AP photo by Mickey Welsh|
A black bear at the Montgomery Zoo in 2002. Black bears are regularly appearing in the Talladega National Forest, leading biologists to speculate the animals have moved into North Alabama for the first time in at least a century.
Black bear sightings rise in northern part of state
By Katherine Bouma
The Associated Press
BIRMINGHAM - Black bears are regularly appearing in the Talladega National Forest, leading biologists to speculate that the rare animals have moved into North Alabama for the first time in at least a century.
It's certain that black bears have been in Cleburne and Cherokee counties during the past four years. They have been captured on film, hair samples have been retrieved and tracks photographed.
Staying or just visiting?
It's unclear if they are becoming what biologists consider permanent residents - mating pairs that are remaining in the forest and raising cubs. But experts say that, if they haven't set up housekeeping, it probably won't be long before they do.
"One of the things that interests me about Alabama is that it's a large state with a lot of forest and relatively few people," said Joe Clark, a bear expert for the U.S. Geological Survey in Knoxville. "I think once bears find it, they're probably going to do well there."
Seventy percent of the state, almost 23 million acres, is forest or pine tree farms.
Bears are not uncommon in neighboring states or elsewhere in the Appalachian Mountains. But in Alabama, the population has been limited for many years to a small but stable population of 50 to 100 bears in Mobile and Washington counties.
Until about five years ago, it was rare for anyone to claim to have seen a bear in north Alabama's Talladega National Forest, said Jeff Gardner, biologist for the forest.
"Over the past three or four years, each year the number of bear sightings have gone up dramatically," he said.
Now, he said, he gets several calls a week in the summer.
For several years, wildlife biologists have seen bear scat, tracks and scrapings on trees. Landowners have caught bears on motion-sensitive cameras posted near wildlife feeding stations. But some question remains about their permanent status because male black bears are known wanderers.
One famous creature traveled from Florida to Louisiana, lumbering through urban areas and frightening residents along hundreds of miles before it was nabbed and returned to the spot its wildlife collar indicated it belonged.
Females don't usually move from their homes, but even they have given false hope to bear enthusiasts. A year ago, black bears were found near the Cahaba River at the Bibb-Shelby county line. Barbed wire snares were posted near bait to capture some of their hair.
Genetic tests revealed there were two bears, a male and a female.
Then, abruptly, there were no more sightings and no signs at bait stations or motion-triggered cameras, said Keith Guyse, a biologist for the Alabama Department of Conservation and Natural Resources.
The Talladega bear sightings have been more numerous, over more years, and have twice included a female with cubs.
Females are one of the keys to establishing a population. Sows, particularly those with cubs, will rarely roam. If females settle in an area where males regularly visit, biologists consider that bears have moved in.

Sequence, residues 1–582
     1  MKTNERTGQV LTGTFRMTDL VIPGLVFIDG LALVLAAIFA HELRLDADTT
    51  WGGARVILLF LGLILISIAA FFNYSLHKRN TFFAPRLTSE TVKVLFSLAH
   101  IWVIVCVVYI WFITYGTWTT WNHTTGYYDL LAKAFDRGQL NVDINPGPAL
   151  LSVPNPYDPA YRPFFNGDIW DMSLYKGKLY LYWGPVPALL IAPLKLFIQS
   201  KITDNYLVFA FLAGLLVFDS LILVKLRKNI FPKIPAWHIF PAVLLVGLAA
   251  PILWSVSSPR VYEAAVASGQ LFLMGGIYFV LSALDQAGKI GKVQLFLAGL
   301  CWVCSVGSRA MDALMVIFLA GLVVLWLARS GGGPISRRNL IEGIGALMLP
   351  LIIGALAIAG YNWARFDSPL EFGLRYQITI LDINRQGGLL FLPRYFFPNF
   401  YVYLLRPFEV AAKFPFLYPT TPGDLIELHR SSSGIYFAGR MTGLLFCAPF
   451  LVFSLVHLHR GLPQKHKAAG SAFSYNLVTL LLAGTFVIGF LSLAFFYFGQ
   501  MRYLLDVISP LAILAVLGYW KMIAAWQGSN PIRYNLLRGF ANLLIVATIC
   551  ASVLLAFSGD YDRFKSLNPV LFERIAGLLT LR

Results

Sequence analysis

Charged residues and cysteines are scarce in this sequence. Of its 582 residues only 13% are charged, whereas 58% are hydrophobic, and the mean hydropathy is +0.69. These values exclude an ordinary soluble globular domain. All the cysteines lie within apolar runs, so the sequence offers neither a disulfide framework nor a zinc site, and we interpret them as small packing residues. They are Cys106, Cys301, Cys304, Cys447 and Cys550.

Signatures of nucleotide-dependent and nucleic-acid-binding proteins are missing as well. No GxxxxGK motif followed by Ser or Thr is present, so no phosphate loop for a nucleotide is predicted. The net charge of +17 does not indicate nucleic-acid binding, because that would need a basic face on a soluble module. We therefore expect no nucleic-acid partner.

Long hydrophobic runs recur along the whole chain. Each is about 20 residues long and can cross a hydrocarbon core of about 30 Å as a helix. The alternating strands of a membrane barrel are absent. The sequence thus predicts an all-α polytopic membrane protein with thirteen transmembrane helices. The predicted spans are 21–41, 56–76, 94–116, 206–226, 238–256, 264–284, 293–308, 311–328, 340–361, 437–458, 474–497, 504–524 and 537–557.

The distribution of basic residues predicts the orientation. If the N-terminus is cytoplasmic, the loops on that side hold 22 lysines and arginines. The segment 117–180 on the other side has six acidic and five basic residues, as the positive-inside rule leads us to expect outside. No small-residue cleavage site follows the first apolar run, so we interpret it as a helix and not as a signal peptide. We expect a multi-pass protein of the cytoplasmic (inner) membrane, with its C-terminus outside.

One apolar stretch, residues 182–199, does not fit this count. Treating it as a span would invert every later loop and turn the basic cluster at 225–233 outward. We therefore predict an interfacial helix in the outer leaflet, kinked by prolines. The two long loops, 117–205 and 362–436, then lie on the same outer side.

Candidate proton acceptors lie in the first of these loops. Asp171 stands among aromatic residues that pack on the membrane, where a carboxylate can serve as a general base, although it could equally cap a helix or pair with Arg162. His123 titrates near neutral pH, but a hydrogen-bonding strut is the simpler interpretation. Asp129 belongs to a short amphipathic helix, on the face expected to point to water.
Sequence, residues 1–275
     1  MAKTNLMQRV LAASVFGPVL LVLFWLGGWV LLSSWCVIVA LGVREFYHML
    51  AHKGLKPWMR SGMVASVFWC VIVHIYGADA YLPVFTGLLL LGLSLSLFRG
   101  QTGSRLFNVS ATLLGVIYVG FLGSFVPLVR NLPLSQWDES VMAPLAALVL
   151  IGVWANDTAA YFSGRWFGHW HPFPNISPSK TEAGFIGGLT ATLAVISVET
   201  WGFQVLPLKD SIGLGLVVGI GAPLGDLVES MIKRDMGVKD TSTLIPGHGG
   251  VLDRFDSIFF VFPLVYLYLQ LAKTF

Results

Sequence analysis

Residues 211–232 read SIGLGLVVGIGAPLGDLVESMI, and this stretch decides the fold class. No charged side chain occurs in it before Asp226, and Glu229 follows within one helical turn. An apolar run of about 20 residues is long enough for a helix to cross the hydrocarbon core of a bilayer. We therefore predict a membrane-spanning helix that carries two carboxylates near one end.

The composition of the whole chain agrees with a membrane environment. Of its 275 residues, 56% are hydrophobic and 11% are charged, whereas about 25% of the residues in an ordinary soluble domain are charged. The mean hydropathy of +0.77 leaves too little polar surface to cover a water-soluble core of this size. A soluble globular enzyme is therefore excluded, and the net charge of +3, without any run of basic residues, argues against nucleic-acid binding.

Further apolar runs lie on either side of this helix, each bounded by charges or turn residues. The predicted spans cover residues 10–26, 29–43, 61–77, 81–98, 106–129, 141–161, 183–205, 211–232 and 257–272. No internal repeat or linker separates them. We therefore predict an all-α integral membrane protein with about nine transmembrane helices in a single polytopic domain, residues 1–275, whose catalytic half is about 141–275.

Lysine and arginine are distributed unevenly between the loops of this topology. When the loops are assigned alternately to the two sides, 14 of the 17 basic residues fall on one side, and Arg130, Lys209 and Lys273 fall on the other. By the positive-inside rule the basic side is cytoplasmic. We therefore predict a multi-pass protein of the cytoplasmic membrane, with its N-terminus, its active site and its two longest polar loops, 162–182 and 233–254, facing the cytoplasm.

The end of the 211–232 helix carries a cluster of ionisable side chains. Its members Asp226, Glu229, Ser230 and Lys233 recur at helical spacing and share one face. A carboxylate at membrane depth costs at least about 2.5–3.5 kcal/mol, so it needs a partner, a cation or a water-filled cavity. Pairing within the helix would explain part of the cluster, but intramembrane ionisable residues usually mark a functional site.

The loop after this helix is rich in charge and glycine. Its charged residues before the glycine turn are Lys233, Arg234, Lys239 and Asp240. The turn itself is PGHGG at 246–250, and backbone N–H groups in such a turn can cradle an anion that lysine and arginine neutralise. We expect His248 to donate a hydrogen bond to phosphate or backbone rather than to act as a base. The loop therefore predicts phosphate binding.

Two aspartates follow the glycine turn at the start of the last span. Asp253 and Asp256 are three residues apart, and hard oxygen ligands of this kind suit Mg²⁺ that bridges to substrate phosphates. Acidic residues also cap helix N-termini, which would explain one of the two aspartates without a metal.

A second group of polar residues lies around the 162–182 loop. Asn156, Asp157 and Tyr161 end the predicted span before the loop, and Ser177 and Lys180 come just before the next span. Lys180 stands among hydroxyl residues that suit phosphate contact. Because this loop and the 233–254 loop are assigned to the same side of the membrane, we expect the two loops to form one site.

This summer, one of the sows that had been seen with cubs the previous winter was shot and killed. The bear had been tagged in Georgia, indicating she was a "nuisance bear" - one that threatens or disturbs humans.
A state wildlife official said he couldn't say much more about the shooting because a case is pending. It is illegal to shoot bears in Alabama.
Across the East, black bear numbers are increasing. Several subspecies still are considered imperiled, such as the Florida black bear that lives in the Florida Panhandle and south Alabama.
Black bears historically ranged over most of the forested regions of North America but now are restricted to relatively undisturbed forested regions. They still can be found throughout most of Canada and at least 40 of the states.
Populations in the Southeast are considered the most at-risk, surviving primarily in the Appalachian Mountains and in some coastal areas.
Greg Scull, a student at Jacksonville State University, is beginning to capture bear hair samples in the Talladega to conduct genetic tests as a graduate project.
"If we only get male hair samples, then maybe these are just young bears that have been pushed out of northwest Georgia and are hanging out here temporarily," Scull said.
Genetic tests ultimately could show where the bears are coming from, but Georgia is the best guess since they are losing good forest there, Clark said.
Bears need so much space in part because they eat food that doesn't grow very densely - berries, acorns, nuts and a few small animals and roots, Clark said.
But they aren't picky and they're adept at moving to get what they need, he said.
"If you think about it, they exist all the way from the tip of Florida all the way up to Alaska," Clark said. "They're intelligent animals."
Save $84.50 a year off our newsstand price:
Information from: The Birmingham News
Copyright 2005 Associated Press. All rights reserved. This material may not be published, broadcast, rewritten or redistributed.
Subscribe today for only 38 cents a day!